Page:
While most casual knife carriers aren't at too much risk in Florida, enthusiasts will find it wise to check in with their local municipalities. Some Florida counties do have bespoke regulations regarding knives and other weapons set out in their unique municipal codes and, in some cases, these rules may differ from state law.
In the big legal picture, owning and openly carrying most knives is legal for adults in Florida, but a permit is required for the concealed carry of weaponry.
- News Channel 8: Woman Pulls Knife on Man After He Complained She "Farted Loudly"
- Pensacola News Journal: Florida Man Wearing Homemade Knife Necklace Charges at Neighbors, ECSO Says
- Fox 35: Florida Man Cuts Neighbor With Knife That Has "Kindness" Written on It
- Salazar and Kelly: Understanding Florida's Knife Laws
- Online Sunshine: The 2018 Florida Statutes: Chapter 790, Title XLVI, 790.1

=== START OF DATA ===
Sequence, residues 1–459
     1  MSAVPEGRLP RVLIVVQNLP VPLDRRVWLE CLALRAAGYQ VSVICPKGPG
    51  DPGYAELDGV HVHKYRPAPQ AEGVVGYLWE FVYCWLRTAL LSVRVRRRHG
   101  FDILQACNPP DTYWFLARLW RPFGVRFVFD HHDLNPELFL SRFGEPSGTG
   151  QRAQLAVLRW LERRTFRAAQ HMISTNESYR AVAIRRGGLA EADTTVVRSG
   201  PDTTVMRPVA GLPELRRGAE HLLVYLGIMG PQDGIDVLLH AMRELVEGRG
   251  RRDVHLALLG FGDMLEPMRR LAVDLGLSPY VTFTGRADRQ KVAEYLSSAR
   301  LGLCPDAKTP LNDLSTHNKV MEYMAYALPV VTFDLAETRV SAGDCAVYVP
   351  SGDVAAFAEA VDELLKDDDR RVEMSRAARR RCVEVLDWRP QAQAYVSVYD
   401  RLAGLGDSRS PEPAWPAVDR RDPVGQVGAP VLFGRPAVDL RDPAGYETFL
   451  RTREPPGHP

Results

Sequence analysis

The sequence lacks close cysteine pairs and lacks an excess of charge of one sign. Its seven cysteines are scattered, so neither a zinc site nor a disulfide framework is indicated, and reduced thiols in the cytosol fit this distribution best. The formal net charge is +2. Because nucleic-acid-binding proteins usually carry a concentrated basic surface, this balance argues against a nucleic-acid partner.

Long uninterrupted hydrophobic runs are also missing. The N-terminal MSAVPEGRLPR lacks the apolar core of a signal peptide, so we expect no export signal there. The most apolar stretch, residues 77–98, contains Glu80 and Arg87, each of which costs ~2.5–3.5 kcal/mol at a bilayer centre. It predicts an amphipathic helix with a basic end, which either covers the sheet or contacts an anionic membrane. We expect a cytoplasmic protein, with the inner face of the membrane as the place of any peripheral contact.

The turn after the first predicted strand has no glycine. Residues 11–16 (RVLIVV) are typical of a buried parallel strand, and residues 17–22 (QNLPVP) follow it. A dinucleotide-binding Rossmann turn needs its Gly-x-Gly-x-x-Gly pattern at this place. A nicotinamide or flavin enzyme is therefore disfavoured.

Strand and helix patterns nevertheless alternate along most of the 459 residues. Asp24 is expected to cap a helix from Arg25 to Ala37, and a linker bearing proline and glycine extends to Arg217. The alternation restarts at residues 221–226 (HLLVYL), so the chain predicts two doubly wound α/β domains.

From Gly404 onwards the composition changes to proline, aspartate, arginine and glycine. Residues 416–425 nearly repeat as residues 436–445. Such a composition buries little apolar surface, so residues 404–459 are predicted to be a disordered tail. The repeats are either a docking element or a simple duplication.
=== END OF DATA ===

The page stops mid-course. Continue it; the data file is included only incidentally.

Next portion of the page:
- Online Sunshine: The 2018 Florida Statutes, Title XLVI, Chapter 790, 790.06
- Cornell Law School: 15 U.S. Code S. 1245, Ballistic Knives
- American Knife and Tool Institute: Florida Knife Laws
- The Outdoors Magazine: Knife Up: Florida Knife Laws Explained
- Florida Carry: Knife Rights: Knife and Licensed Weapons Preemption
- Florida Department of Agriculture and Consumer Services: Applying for a Concealed Weapon License
- Florida Department of Agriculture and Consumer Services: Fee Schedule: Concealed Weapon or Firearm: Section 790.06, Florida Statutes
- Florida Crime Information Center
As a freelance writer and small business owner with a decade of experience, Dan has contributed legal- and finance-oriented content to diverse sources including Chron, Fortune, Zacks.com, Motley Fool and MSN Money, among others.